Why Recycled Materials are not always the right solution to save the planet
As environmental awareness grows, fashion brands are under pressure to reduce their impact on the environment. Many have turned to using recycled fabrics as a solution, but it is not as straightforward as it may seem. Despite their green credentials, the use of recycled materials has limitations and is far from being the long-term solution that brands are hoping for.
Complications and limitations of textile recycling
Brands frequently promote their environmentally friendly practices by highlighting their use of recycled textiles in their products.
However, a recent study conducted by the Royal Society for the Arts (RSA) reveals that recycled fabrics represent only a tiny fraction of the total textiles produced by the fashion industry. Surprisingly, the vast majority of recycled textiles are not made from old clothes, as previously estimated by the Ellen McArthur Foundation. In fact, less than 1% of recycled textiles are used to create new clothing items. One might wonder why brands don’t opt to use recycled fabrics derived from natural materials instead. The answer lies in the complex and labour-intensive process involved in recycling clothes.
After the fabrics have been sorted, the next step is to strip each article of clothing of its polyester threads, labels, fastenings (such as zips and buttons), and decorative embellishments. The textiles then undergo either a mechanical or chemical recycling process.
- The mechanical process involves shredding the material to extract the fibres, which can be wasteful because not all fibres can be captured. This process is also harsh on the textiles and often produces low-quality results that cannot be reused in clothing without the addition of virgin fabrics, which defeats the purpose of recycling. Without added virgin materials, these textiles can only be used for other fabric-based items such as mattresses, which cannot be recycled and will ultimately end up in landfill or be incinerated.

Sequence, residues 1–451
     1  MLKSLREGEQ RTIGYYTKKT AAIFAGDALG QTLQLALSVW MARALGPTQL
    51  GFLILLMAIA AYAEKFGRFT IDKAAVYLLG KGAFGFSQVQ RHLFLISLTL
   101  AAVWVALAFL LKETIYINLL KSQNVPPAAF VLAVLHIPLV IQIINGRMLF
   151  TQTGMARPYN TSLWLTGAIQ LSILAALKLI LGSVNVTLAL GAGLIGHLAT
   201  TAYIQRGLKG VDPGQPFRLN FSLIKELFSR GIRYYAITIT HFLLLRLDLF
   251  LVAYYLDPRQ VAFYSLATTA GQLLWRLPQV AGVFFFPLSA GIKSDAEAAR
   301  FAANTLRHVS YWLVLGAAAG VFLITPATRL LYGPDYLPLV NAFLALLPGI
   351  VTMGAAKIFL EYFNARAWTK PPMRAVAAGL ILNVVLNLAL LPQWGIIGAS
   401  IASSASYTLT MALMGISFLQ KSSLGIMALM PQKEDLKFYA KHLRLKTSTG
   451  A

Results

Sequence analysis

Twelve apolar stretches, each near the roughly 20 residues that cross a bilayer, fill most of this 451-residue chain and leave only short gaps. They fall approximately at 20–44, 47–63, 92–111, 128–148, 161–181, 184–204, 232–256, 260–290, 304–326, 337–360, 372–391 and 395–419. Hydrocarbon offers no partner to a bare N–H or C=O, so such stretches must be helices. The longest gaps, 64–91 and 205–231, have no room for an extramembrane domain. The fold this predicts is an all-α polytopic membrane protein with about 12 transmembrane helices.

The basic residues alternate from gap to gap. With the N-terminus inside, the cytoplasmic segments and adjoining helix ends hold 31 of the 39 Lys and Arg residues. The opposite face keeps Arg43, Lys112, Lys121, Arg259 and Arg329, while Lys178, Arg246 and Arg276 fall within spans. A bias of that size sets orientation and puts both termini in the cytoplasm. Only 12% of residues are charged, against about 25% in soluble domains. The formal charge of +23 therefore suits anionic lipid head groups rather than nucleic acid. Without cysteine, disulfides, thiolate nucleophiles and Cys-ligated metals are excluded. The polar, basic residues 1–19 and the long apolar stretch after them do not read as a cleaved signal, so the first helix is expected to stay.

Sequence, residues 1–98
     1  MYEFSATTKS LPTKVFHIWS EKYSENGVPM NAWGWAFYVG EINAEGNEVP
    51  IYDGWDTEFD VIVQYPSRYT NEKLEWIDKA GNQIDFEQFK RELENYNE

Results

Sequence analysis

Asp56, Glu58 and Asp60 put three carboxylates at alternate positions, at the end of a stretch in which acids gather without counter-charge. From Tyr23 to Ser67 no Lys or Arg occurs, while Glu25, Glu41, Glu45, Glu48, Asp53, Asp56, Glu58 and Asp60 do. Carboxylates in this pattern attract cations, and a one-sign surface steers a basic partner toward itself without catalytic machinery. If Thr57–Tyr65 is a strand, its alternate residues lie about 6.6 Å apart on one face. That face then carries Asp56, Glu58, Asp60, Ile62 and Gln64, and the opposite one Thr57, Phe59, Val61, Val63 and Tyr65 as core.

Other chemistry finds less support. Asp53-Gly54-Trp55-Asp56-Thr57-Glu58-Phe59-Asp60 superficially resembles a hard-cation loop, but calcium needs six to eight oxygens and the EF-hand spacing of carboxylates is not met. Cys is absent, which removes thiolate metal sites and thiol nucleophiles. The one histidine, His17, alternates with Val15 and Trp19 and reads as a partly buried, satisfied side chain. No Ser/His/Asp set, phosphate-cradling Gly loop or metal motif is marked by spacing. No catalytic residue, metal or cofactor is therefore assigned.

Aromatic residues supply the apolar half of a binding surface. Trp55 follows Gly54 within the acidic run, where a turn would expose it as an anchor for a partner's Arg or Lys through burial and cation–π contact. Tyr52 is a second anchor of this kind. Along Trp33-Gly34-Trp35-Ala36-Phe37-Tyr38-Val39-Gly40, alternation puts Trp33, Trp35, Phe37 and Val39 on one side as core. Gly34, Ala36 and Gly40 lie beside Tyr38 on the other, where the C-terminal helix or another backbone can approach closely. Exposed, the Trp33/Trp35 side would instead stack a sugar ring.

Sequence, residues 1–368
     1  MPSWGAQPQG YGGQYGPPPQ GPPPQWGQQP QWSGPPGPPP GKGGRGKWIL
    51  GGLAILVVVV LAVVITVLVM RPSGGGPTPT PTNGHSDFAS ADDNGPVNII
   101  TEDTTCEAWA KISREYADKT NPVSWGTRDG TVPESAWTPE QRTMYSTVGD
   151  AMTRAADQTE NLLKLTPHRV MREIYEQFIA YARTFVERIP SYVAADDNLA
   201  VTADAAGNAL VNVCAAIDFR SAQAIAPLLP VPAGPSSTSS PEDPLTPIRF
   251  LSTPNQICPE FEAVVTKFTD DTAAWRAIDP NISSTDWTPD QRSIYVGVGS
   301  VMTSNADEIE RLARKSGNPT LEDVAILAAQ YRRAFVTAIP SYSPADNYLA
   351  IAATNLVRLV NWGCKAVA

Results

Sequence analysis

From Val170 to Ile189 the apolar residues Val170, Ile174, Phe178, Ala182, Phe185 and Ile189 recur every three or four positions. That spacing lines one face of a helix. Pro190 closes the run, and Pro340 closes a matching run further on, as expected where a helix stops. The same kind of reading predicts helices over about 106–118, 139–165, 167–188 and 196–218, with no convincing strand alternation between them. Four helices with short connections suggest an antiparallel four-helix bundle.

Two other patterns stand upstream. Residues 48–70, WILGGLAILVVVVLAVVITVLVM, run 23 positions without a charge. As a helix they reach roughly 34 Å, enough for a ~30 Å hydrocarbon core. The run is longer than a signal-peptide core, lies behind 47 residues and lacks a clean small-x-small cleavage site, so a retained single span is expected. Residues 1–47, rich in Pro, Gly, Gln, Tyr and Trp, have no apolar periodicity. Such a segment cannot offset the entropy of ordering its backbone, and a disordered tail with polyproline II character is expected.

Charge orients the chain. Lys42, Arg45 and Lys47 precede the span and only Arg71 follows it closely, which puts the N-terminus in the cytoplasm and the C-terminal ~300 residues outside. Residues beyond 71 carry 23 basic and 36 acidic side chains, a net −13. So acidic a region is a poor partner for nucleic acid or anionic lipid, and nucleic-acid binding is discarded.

- The second method, known as the chemical process, involves dissolving the fabric fibres and breaking them down into their individual parts, including monomers and oligomers. From these fibres, new yarn is created. The chemical process yields high-quality fibres that are comparable to virgin fibres. Additionally, the chemicals used in this process can be recycled and used multiple times.
At the end, fabric recycling is very expensive and big fashion groups brands are investing hundreds of millions of dollars into research and development to find large scale solutions.
What most recycled fabrics are made from and the impact on the circular economy
The fashion industry primarily relies on recycled polyester and rPET (recycled polyethylene terephthalate) made from plastic bottles due to the challenges associated with textile recycling. While plastic bottles can be recycled multiple times into new plastic products, rPET fabrics cannot be recycled again, resulting in microplastic pollution and adding to landfill waste.
To exacerbate matters, the majority of microplastic pollution in oceans comes from washing clothes, and the production of virgin polymers using oil and gas contributes to the climate crisis. However, both brands and consumers are still attached to the fast fashion model, despite being aware of its environmental impact. Brands may also be hesitant to use recycled fabrics due to potential quality issues, particularly with mechanical recycling methods.
What can you and your brand do?
In the end, the fashion industry needs a comprehensive solution to address the problem of overproduction and environmental impact. Brands and consumers need to shift away from the fast fashion model, and innovations in textile recycling and alternative materials need to be developed to create a sustainable fashion industry.
Do you need an advice on your sustainable packaging, give-aways and textile products? Enquire with us today.